• M said

      “… because they also knew/know the windows of opportunity close very quickly in tennis.”

      This part is so important, Jenny. I knew some athletes in school that really didn’t see that, thought they were immortal, and there was plenty of time to rack up the wins, and didn’t necessarily have the vision to see they had to do “what you can, when you can, while you can” — to quote Jimmy Fallon from Cameron Crowe’s ‘Almost Famous’.

      • Jenny said

        Obviously some players are late developers, the tour is littered with them, there are various reasons for this, early injuries, confidence, lack of self belief, the wrong coach, too much reliance on natural talent where the ego is over-inflated and an opponent is underestimated [lack of humility], or simply too much partying and lack of self discipline. Andy may never win a slam, I hope he does, but it’s an incredibly difficult task, but he should also aspire to be the best he can be for his fans win or lose. IMHO, He should also stop talking about his winning record against Fed which is history, opt to play small tourneys without invitation, and treat every quality opponent as a threat which is exactly what Rafa, David, Juan Carlos and many other players do.

        Thanks for the quote, M.

      • M said

        “Andy may never win a slam, I hope he does, but it’s an incredibly difficult task”

        I think this is something it’s easy for us fans to forget, Jenny; I think sometimes the players that do do it — especially those who do it with a special degree of consistency — are so good, they can deceive us with their talent by making it look easier than it actually is.
        (Even when they remind us in post-interviews how difficult it was.)
        ______________________________________________________

        “He should also stop talking about his winning record against Fed which is history”

        Agreed. Emphatically.
        I always admire Andy’s work ethic when he’s doing just that — working. Like when he was working so hard on his conditioning between the 08 and 09 seasons to bring his level up.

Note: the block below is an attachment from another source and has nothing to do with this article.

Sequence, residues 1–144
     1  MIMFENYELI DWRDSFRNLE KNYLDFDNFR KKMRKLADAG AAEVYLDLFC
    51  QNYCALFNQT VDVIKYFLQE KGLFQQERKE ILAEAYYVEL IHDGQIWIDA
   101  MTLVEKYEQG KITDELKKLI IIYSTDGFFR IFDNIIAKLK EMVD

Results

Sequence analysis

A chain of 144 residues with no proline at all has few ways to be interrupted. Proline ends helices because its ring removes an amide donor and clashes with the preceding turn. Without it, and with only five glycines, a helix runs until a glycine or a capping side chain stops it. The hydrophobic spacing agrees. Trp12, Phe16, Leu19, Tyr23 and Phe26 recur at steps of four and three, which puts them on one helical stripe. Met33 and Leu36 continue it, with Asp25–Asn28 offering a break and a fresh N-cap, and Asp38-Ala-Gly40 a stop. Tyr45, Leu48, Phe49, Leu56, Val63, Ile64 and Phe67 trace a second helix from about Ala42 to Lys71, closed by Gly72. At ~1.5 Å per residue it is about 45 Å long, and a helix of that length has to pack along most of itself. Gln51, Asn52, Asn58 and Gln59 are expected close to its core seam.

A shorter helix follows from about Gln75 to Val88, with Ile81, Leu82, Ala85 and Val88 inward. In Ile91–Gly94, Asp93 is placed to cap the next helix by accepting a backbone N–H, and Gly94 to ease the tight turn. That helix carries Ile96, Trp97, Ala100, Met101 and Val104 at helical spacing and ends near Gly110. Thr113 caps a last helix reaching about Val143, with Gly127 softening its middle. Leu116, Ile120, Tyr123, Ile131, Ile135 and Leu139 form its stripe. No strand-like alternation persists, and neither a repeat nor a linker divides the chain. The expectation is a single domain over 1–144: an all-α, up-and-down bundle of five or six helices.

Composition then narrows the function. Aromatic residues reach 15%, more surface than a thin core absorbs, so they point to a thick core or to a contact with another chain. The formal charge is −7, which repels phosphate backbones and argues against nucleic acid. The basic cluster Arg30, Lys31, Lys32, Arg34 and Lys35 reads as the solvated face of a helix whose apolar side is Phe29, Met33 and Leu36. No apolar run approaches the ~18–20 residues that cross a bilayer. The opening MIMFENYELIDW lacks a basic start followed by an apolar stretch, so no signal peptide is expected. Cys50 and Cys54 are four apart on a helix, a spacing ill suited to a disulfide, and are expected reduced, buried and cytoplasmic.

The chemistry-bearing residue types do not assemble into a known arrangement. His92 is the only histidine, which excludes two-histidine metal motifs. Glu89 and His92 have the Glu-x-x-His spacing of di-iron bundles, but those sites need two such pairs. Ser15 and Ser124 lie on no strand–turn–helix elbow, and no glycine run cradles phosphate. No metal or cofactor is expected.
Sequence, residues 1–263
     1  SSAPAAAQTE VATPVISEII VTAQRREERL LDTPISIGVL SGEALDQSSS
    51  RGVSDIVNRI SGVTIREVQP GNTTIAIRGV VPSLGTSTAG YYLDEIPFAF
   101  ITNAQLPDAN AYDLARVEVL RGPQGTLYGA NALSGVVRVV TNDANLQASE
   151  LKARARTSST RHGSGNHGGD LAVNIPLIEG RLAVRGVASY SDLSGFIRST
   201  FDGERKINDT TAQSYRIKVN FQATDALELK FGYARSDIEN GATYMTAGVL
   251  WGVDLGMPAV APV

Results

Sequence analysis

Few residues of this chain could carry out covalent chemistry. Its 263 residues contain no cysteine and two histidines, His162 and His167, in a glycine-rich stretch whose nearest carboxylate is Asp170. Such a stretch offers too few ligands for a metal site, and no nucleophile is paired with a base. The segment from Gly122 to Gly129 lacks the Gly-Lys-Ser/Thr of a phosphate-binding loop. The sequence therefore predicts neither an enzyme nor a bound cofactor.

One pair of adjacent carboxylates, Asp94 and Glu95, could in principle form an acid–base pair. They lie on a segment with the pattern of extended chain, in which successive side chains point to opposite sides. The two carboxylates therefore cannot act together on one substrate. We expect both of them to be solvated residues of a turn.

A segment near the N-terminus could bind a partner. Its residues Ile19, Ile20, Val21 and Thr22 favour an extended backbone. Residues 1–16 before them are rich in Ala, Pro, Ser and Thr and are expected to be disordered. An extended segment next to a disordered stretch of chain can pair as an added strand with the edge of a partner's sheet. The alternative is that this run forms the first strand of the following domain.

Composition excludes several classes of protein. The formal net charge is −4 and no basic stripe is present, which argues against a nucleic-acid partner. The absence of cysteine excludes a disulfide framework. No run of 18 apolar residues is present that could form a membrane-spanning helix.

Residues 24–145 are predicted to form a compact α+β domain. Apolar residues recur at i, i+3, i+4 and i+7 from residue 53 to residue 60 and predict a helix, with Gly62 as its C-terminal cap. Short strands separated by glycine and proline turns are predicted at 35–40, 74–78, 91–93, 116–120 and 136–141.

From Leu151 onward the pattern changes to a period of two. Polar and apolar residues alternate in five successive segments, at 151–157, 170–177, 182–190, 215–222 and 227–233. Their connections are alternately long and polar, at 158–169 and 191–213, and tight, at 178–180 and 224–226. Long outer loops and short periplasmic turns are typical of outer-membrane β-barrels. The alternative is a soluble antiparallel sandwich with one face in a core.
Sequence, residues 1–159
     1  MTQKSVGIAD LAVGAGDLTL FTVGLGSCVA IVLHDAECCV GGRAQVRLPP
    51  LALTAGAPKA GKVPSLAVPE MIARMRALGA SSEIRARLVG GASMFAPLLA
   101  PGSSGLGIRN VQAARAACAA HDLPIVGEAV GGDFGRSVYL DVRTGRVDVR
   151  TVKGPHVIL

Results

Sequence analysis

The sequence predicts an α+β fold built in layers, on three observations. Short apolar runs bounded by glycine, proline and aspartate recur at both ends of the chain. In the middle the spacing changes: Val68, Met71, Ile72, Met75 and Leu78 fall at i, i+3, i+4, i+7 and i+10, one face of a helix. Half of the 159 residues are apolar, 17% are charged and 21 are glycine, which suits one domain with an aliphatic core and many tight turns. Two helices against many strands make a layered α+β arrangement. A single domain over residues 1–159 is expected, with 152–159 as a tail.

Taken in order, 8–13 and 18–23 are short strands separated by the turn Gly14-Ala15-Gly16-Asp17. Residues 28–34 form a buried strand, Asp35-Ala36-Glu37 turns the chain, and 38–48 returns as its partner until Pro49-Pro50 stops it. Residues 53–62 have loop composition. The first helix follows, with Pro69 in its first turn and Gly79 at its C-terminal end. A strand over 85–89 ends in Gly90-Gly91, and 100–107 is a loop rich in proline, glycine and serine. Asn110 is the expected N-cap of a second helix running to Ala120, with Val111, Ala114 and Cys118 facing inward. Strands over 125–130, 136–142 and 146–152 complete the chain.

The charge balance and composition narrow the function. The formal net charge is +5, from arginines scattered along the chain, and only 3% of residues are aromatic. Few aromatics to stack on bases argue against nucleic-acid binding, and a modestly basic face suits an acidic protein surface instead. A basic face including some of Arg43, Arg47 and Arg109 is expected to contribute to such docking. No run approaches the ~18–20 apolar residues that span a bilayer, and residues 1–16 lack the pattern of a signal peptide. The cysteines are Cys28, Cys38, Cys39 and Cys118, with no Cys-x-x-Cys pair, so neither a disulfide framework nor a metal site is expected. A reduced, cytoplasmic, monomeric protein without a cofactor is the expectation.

I guess I find him more charming the *less* he talks (though what he said when he lost to Roger in the AO 09 final was quite charming).
        ______________________________________________________

        “opt to play small tourneys without invitation”

        This is an excellent idea. I hope Andy is reading you here. 🙂
        ______________________________________________________

        “and treat every quality opponent as a threat which is exactly what Rafa, David, Juan Carlos and many other players do.”

        They definitely set an example with this, I think.

        ______________________________________________________

        “Thanks for the quote, M.”

        Call me a silly romantic. 🙂
        Cameron is one of my very favorite filmmakers — and I love Jimmy in that role (first b/c he parodies personalities I’ve seen, in sports as well as entertainment, and also b/c he did it back when people had to squint and remember “Where have I see that guy?” before he had his late-night talk spot, with the Roots and all 😛 ).

  3. O said

    Murray had a great game, but it was not enough when Roger and Rafa are so good and way ahead of him. You need to find every edge. You know, get a coach, someone like Agassi, Sampras or Connors. On the other hand, maybe he is not very nice to coaches, because it was kind of bitter when he parted ways with Gilbert. (When you coached somebody, to world number one, you get some credit, and Gilbert coached 2 to number one, Roddick and Agassi.) Maybe it’s hard for him to get experienced coach.

    • O said

      Forgot to comment on this match, it was terrible play. Murray regressed. He is nowhere near near the level of Nadal or Federer, his window of winning a slam may close if he doesn’t get a great coach, which he may not be willing to pay for.

    • Jenny said

      Very true, O. To be fair, it’s hard finding the right coach who is available, what suits one doesn’t suit another, a player and coach have to bond, read from the same book, or it won’t work and it ends up with discord and a split. I always thought Gilbert was a good choice, but they ended up not agreeing. Peter Lundgren might be an option, [he coached Roger to his first Wimby title and Safin to his AO title when he beat Roger in the semis] he was with Dimitrov, but I think he’s with another player now.